Tuesday, January 08, 2013

Stalwart fellow

An Alvis Stalwart. Not a Fiat 500
According to reports on the British telly, 2012 was the wettest year since 2000, and that was the wettest since records began. Beloved Wife and Goat arrived in a damp but mild Blighty just before Christmas, and headed from the Heathrow terminal by fun-bus to collect the extremely Budget rental car. And the rain started.

The Goat has picked the cheapest available car from a rental firm that he’d actually heard of, and ended up with a Peugeot 107 (which is identical to a Citroën C1 apparently), a minuscule five door hatchback suitable for five adults and their luggage. Human adults, each carrying more than an iPad? Probably not. They wuz havin’ a giraffe, innit? As it turned out, neither Budget nor Avis could find a Peugeot 107, having left it behind a waste paper basket, and thus offered a free upgrade to a Fiat Cinquecento. Joy: only three doors, but a tarmac-rippling 1200cc powerhouse instead of a mere 1000cc from Peugeot-Citroën.

The Goat flattened the rear seats and shoehorned both suitcases into the back of the Fiat, and then set off with Beloved Wife and her new GPS (Clarissa II) attached by suction cup to the windscreen. New Clarissa had some interesting ideas. Instead of the most obvious route from Heathrow to Plymouth, which is along the M4 to Bristol and then M5 to Exeter and A38 to Plymouth, Clarissa decided that the A303 was cheaper, shorter, and would burn less fuel. The Goat was too tired to argue, and so the A303 it was.

In the dark and in the rain, the bendy comedy roads were a rude awakening for a Goat who’s not driven in the UK for nearly two years. But he reminded himself that these were the conditions on every driving lesson he ever took, way back when dinosaurs roamed the Earth.

Somewhere between Yeovil and Taunton, the increasingly-erratic Clarissa decided that a jolly around some tiny country lanes was in order. They got smaller and damper until one lane involved a rather deep puddle. The Goat figured that as the grass verges were visible, the puddle could be forded. Onward! More narrow bendy roads, no other traffic, no signs of civilisation. No, wait, a village (Ottery St Catchpole, or something) with a church and pub, and then more lanes and another puddle. This time, the Goat had seen red tail lights ahead, and he figured that a main road must surely be near. The puddle got deeper and deeper. It was time for bottom gear and slipping the clutch. Beloved Wife held her breath. The only sound for hundreds of metres was the bubbling of a submerged exhaust, a revving Fiat engine, and mumbling that “If I have to get out and push, I’m gonna divorce him.”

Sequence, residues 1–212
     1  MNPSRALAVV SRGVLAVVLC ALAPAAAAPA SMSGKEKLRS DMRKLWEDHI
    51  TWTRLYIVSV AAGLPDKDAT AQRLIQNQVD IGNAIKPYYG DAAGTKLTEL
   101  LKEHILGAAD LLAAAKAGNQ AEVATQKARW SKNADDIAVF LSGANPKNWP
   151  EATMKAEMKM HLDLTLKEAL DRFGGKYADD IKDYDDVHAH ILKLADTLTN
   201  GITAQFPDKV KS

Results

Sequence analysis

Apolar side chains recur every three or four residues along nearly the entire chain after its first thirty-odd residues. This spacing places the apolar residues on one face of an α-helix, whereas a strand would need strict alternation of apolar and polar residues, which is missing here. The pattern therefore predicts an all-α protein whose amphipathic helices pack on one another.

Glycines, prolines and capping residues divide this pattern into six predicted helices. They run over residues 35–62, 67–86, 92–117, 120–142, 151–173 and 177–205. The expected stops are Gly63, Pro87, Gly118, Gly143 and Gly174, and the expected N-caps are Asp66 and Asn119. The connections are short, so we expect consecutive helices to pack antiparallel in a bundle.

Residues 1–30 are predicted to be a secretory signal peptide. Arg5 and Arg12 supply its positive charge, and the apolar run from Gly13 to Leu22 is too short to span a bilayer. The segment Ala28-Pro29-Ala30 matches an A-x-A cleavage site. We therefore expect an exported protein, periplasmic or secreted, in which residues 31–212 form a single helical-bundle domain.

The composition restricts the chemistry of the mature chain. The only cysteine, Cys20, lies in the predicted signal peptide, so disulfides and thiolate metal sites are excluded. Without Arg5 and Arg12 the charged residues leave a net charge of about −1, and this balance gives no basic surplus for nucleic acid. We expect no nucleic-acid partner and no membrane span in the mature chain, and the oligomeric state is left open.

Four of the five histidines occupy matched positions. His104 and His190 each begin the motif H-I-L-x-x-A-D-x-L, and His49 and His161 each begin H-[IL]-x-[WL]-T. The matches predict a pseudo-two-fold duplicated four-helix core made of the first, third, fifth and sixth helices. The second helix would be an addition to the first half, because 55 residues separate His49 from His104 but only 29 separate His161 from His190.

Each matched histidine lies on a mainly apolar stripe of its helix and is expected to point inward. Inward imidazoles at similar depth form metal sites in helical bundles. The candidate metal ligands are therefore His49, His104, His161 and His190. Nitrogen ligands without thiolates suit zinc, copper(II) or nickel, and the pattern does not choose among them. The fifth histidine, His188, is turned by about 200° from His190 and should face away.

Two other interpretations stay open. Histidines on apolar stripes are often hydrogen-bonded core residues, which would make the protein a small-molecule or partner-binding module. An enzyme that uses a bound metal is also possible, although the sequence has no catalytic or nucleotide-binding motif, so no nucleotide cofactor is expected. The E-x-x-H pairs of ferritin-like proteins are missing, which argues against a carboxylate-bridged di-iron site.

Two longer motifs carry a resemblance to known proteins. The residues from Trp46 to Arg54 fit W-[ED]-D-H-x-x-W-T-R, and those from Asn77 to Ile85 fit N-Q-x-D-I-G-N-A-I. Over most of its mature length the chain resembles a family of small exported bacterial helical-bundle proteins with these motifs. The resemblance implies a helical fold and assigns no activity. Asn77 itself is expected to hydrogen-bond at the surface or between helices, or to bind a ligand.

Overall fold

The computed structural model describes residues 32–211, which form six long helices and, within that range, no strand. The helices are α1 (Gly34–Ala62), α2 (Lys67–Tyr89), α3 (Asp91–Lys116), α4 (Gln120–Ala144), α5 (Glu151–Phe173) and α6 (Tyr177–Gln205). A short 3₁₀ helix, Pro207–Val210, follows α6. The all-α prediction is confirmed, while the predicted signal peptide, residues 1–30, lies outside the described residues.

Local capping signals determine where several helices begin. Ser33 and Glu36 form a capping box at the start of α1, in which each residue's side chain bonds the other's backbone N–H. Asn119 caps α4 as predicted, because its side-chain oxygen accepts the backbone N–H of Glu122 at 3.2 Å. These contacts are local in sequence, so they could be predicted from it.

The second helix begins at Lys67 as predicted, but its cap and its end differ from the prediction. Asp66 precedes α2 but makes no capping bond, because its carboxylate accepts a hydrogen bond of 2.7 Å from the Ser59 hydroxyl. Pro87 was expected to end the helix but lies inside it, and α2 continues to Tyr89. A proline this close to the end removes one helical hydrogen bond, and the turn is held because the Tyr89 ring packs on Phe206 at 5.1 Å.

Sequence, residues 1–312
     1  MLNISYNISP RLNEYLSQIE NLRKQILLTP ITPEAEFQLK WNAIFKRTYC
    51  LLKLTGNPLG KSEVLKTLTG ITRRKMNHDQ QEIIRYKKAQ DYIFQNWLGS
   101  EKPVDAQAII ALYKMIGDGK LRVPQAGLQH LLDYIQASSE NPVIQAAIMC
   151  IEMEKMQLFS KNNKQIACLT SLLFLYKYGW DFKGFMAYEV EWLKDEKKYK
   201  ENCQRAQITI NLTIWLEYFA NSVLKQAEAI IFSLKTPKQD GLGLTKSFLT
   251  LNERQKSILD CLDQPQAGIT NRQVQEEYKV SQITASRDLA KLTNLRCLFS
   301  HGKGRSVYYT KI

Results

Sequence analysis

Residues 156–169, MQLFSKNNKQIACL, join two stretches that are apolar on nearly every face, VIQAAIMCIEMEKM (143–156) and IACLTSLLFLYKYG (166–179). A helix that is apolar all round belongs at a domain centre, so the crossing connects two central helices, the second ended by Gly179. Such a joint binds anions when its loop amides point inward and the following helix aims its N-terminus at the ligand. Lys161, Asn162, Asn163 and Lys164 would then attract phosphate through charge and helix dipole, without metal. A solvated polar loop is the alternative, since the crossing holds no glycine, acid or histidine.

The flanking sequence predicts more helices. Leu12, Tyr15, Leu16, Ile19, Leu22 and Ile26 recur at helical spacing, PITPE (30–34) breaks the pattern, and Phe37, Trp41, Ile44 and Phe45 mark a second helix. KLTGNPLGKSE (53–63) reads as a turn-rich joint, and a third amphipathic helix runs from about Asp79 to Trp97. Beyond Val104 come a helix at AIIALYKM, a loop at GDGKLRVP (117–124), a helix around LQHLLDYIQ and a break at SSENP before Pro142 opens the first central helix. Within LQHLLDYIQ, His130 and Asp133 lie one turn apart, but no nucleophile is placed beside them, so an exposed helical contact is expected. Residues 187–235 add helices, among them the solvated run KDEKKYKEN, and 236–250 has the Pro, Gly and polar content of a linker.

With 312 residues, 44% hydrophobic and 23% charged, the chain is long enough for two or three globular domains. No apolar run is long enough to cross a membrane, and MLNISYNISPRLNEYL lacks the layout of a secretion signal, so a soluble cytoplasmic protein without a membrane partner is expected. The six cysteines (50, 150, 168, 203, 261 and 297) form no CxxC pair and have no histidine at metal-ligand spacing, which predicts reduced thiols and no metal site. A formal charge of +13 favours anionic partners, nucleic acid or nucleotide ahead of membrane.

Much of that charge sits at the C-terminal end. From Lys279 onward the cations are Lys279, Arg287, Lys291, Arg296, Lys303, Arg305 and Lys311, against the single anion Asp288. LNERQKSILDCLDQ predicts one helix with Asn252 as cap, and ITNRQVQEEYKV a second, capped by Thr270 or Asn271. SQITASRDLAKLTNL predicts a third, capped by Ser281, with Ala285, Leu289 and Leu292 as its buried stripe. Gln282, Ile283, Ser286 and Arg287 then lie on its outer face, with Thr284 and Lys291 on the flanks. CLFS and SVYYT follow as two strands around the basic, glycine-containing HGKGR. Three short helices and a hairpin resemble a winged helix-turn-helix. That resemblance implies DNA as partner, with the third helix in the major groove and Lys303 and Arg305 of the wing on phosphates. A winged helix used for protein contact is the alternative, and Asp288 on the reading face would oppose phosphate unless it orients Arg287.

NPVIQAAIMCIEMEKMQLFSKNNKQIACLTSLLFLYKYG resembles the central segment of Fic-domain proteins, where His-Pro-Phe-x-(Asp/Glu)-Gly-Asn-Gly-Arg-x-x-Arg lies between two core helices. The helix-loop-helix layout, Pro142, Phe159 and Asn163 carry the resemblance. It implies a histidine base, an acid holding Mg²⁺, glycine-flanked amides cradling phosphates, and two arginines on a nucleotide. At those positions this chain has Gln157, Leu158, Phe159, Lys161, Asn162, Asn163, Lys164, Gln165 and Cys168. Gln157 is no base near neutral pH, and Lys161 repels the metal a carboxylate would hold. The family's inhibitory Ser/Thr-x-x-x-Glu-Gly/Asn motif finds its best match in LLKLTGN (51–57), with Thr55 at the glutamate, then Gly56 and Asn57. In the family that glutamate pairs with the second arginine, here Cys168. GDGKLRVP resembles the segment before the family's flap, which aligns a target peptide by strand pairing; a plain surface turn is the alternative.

A nearby upturned wheelie bin indicated probably 15 inches of water, and the rest was creeping through the door seals and soaking the carpets. Clarissa declared that a right turn was in order at a T junction, but as this was in the direction of a river, the Goat turned left in the hope of finding higher, and more to the point, drier, ground. Beloved Wife breathed again as the Fiat shook itself dry and drove past the back of a “Flood. Road Closed” sign.

The Fiat 500 Stalwart performed faultlessly before, during, and after this incident. Fifteen inches (which is 381mm in Centigrade) is well beyond the design parameters and the warranty, one suspects. A filthy tide-mark halfway up the doors was soon washed away by the rain, but the leaves and twigs remained stuck in the car’s teeth for the whole holiday.

Foul weather continued. The national news carried stories and video showing that the main West Coast rail line had been washed away in Devon (again), and a landside near Swindon had effectively killed all rail services between London and the South West and Wales. The Goat’s decision made months previously to rent a car rather than rely on public transport had been vindicated.